Of bees and goldfish

Not normally associated with each other, but they nearly had a close encounter tonight.

We’d had two swarm calls today, from about a quarter of a mile apart in North Watford. Doreen checked on one at lunchtime and found a lot of flying bees but no big swarm. We went back tonight suspecting the two calls may actually be the same swarm. Very few bees left at the first site, which was in a tree by the road, so we went on to deal with the larger one first.

Dangling directly over the pond

This was in someone’s garden, hanging under a wooden pagoda directly over the middle of a small raised pond. The couple kindly provided a couple of stout planks to put across the pond, but that left very limited headroom below the beam from which the bees were hanging. One false move and Doreen could have ended up with the fishes, or alternatively knocked the whole swarm down with her head. However she managed to sweep them gently into a nuc box, we scooped up the few left over and waited a few minutes as they walked into the nuc where they could smell the queen’s pheromones. In the end it all went according to plan with a decent sized swarm collected.

Hanging from the beamWith one swarm in the nuc in the boot of the car, we then drove the short distance to the other swarm, where only a few dozen bees remained. Talking to some local residents it became clear that another beekeeper had collected the main swarm, including the queen, at the weekend; what we found now was just a cluster of scout bees that had been left behind. They were quickly gathered into a second nuc and, once home, the handful of queenless bees were introduced to the larger swarm.

The combined colony is being rehomed now to another HBKA member as we just don’t have room for any more!

Dumbledore in Watford

No, not Albus Dumbledore who “lives” a couple of miles up the road at the Warner Brothers’ Studio, but dumbledore the bumblebee.  (Dumbledore is an old English term for a bumblebee).

Most beekeepers are almost exclusively concerned with the one species of bee that makes honey in commercially-viable quantities, the aptly-named HoneyBee (Apis mellifera). However we’re all familiar with Bumblebees, of which there are about 250 species in the UK. Ranging from rather small insignificant bees, to real bruisers of things that can measure an inch long, we see them in their ones and twos and often they are out and about at the end of winter, long before the first honey bees emerge from their winter hives. Bumblebees live in colonies just like honeybees, with a queen, workers and drones. They do store nectar in the hive, but don’t process it into true honey.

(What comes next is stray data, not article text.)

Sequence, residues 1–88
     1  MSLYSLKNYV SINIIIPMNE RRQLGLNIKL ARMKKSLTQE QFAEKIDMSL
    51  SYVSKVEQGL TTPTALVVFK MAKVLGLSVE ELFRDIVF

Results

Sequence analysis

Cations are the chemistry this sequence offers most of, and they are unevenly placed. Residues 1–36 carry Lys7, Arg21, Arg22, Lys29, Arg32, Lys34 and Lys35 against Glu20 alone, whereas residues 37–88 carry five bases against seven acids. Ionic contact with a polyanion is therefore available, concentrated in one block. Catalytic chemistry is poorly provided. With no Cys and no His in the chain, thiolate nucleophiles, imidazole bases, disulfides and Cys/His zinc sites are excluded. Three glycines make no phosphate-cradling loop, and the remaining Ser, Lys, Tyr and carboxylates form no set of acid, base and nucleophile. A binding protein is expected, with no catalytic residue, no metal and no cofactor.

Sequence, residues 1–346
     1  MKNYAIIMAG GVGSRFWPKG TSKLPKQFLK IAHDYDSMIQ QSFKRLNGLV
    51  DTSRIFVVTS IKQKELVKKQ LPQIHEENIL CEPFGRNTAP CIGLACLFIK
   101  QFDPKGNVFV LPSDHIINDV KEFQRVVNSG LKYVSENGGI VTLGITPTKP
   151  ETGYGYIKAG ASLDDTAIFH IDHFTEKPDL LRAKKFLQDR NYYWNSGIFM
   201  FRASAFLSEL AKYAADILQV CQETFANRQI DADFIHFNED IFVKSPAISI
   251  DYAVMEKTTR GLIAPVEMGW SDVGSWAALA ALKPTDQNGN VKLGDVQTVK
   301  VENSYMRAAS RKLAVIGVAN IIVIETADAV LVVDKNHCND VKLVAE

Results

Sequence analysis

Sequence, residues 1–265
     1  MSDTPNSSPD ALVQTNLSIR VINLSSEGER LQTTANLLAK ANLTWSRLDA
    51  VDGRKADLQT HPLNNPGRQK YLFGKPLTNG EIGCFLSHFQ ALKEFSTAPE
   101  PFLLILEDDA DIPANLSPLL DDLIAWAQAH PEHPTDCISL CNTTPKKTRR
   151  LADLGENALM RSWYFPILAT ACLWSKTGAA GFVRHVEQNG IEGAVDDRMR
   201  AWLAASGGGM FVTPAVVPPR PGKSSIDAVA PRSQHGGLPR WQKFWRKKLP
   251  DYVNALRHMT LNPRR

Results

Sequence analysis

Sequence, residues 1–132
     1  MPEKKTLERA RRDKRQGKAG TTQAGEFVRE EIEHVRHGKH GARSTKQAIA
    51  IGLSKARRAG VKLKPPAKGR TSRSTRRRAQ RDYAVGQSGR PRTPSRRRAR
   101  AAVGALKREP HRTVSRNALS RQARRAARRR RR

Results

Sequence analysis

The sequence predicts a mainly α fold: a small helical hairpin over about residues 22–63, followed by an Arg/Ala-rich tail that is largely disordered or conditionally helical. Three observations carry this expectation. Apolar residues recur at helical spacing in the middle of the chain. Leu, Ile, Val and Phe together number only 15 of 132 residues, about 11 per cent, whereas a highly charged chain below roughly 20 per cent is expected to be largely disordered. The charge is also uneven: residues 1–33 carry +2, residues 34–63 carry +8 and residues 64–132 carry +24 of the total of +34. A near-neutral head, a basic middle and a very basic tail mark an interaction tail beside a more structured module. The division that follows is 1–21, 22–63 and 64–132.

The bumblebee, however, can be quite a character and it can be fun to spot and try and identify the different species. Beekeepers are often amateur entomologists too and can’t help but take a healthy interest in anything bee-related.  The “general public” too often find the humble bumble quite cute and endearing, but nonetheless when they get in the way and become inconvenient, look for ways to “deal” with the problem. Being on the “swarm list” we sometimes get calls from people concerned about bees in their garden / shed / loft / chimney and one of the first checks to make on the initial phone call is to verify whether the problem relates to bees or wasps (if the latter, we refer them to the council or a commercial pest controller). If bees, we need to establish if they’re honeybees or bumble bees. Most people can tell the difference but it’s fairly easy to take a description over the phone and be pretty sure.